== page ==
Australia coach Darren Lehmann believes winning series away from home has become the Holy Grail in international cricket.
After England's 3-2 victory this summer, the Ashes has been won by the touring side just once in the past eight series, when Andrew Strauss' team celebrated Down Under in 2010/11.
Lehmann himself has coached three series against the old enemy, losing both times on the road but overseeing a 5-0 whitewash on home soil.
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And it is not just England and Australia who have struggled to overturn home advantage in recent times.
Of the last 14 completed Test series, just three have been won by the away team - Pakistan in Sri Lanka and Bangladesh and Australia in the West Indies.
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England, for example, have aspirations of becoming the number one Test side having regained the urn, but will probably go into tours against Pakistan in the United Arab Emirates followed by South Africa as underdogs.
"I think winning away from home for every Test country is the big thing now," said Lehmann.
"That's the challenge for the world game because there's a huge advantage playing at home.
"We haven't adapted well enough here, so it's a big challenge when we come back here in 2019, but you can't look that far ahead.
"What we've got to look at is a tough series against Bangladesh...we've got an away series against New Zealand, who are going to be tough over there. So there's quality sides and at home it's a lot easier to play than away.
"The team that plays well away from home will be the best team in the world."
The next Australia side to take the field under Lehmann's guidance is sure to be different to the one that bowed out with a face-saving innings victory at the Kia Oval.
Steve Smith will captain following Michael Clarke's retirement, and Chris Rogers has also called time leaving a big gap at the top of the order.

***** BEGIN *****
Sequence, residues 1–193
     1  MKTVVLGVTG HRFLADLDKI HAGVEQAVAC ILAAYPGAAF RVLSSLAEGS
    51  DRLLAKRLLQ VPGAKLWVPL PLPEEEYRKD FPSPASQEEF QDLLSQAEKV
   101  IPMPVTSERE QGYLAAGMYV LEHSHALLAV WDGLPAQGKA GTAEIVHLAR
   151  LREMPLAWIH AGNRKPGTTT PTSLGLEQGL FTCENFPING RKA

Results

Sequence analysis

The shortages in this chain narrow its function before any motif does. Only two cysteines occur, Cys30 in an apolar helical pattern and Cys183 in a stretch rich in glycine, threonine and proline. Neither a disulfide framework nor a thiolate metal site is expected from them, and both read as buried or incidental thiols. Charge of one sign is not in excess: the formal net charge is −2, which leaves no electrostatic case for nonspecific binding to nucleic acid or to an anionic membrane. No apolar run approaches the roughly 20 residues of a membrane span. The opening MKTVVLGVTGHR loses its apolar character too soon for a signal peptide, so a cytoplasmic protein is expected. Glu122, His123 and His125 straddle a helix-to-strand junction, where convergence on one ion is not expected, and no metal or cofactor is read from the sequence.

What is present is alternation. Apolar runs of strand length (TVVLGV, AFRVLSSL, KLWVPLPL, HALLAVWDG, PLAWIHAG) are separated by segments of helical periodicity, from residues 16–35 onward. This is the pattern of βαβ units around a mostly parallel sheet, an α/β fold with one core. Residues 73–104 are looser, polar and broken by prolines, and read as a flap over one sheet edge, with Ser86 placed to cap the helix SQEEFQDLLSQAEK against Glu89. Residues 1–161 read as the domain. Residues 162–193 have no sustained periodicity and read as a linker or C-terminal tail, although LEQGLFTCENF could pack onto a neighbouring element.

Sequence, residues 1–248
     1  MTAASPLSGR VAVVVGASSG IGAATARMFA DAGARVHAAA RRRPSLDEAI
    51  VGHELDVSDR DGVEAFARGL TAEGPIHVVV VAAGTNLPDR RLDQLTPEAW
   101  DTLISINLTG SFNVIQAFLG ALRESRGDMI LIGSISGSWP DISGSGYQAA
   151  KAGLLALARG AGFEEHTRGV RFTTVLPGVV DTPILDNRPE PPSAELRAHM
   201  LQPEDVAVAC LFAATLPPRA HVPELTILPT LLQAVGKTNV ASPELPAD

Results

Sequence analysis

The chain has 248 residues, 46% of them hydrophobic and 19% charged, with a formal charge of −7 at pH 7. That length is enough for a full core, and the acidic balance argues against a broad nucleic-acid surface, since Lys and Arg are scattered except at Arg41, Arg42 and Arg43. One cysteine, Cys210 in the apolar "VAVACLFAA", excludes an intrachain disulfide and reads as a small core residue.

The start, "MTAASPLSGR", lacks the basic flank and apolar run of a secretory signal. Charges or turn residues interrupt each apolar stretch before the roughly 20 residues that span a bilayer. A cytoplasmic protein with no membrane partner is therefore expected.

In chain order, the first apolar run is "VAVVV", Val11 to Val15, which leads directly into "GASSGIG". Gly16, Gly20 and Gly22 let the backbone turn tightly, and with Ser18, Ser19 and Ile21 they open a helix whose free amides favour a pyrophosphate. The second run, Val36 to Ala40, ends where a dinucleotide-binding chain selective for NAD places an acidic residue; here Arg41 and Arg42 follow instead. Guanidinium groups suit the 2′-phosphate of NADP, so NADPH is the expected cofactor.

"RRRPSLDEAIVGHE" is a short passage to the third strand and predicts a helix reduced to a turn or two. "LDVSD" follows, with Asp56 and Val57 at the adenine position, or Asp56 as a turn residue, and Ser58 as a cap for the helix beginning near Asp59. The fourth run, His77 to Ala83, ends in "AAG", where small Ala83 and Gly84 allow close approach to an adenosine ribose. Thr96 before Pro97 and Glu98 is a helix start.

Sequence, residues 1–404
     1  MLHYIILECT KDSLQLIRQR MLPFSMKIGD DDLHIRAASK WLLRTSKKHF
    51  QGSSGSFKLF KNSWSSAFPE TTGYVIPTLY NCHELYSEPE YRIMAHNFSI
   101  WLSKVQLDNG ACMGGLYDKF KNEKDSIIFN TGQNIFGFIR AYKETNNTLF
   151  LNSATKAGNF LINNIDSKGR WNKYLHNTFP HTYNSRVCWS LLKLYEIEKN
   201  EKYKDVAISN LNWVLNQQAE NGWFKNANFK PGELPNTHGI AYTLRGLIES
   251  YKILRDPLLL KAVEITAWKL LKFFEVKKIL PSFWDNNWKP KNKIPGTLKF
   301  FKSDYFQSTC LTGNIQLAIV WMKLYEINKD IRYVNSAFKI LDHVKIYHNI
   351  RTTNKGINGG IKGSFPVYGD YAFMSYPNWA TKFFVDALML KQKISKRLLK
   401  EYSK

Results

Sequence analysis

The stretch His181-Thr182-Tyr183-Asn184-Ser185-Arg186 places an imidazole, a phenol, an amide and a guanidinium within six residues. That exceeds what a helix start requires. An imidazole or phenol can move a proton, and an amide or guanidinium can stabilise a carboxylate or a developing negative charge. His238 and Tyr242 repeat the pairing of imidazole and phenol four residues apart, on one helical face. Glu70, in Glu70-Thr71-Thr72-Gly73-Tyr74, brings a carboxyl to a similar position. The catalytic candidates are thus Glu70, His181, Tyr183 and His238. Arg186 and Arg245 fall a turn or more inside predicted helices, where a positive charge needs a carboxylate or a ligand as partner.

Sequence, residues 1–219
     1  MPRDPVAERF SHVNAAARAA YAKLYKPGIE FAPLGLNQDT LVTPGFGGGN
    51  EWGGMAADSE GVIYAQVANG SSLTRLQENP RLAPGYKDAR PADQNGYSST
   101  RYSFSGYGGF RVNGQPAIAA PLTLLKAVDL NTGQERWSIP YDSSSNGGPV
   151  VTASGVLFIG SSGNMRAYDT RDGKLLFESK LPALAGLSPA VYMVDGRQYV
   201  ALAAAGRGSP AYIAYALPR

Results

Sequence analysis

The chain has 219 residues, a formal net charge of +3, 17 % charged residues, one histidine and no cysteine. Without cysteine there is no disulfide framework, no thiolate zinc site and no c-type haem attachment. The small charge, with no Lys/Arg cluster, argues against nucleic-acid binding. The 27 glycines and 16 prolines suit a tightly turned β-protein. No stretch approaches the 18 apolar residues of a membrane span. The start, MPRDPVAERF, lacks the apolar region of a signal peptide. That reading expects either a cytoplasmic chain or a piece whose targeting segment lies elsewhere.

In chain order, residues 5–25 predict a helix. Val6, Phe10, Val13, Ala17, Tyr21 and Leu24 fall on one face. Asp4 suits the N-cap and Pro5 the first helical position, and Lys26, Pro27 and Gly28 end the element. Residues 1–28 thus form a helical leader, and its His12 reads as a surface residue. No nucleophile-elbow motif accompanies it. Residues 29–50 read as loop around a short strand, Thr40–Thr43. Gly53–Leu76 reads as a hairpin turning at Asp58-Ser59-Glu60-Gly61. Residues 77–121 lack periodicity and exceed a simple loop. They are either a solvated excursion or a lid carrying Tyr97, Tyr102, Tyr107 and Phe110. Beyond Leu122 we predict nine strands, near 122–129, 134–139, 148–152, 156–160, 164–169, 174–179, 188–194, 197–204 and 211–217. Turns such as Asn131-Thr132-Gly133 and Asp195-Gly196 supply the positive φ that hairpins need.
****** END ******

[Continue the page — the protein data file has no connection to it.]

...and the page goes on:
Other members of the original Ashes party who may find themselves on borrowed time include Shane Watson, Brad Haddin, Adam Voges and Shaun Marsh, but Lehmann was not ready to lift the lid on any likely changes just yet.
"We'll sit down as a selection group and work out where we want to go," he said.
"We've obviously had a disappointing result. We'll let the dust settle, play the one-day series and then pick the side moving forward for Bangladesh and then the home summer."
Fans of the Baggy Green will be hoping for some more successful decisions than Lehmann and selector Rod Marsh made in England.
The call to replace all-rounder Mitch Marsh with batsman brother Shaun at Trent Bridge was close to inexplicable and was immediately reversed for the series finale.
Peter Siddle's exclusion for the first four games of the series looked even sillier when he produced the bowling display of the match in the fifth.
Even then he found Shane Warne lobbying against his inclusion on television, leaving Lehmann to face up to some awkward questions.
"Someone like Shane Warne always has his opinion because he loves an opinion full stop," he said.
"That's fine but he doesn't know what goes on behind the scenes and we'll keep it like that. I'll probably stop there.
"Peter bowled really well, I'm really pleased for him. Hats off to him, he was absolutely brilliant."
"We're not saying we pick out and out fast bowlers all the time, obviously it may seem that way, but we pick the best team to try and win every game."
Smith has already said he expects to be consulted on selection ahead of his first series in charge - a subtle change in tenor from the latter days under Clarke, when he studiously pointed out that was no longer part of his remit.
The feeling remains that Clarke did not always have his preferred XI - and reportedly favoured Pat Cummins over Siddle for his final match - but Lehmann refutes that.
"In my time I can't remember the captain not getting the side he wants," he said.
"Maybe once or twice, and that's whether I was playing, a state captain, a coach.
"I think the captain has a really important part to play and he's got to be really comfortable with the side he plays with. It's our job to pick that final XI but you always consult the captain, that's important."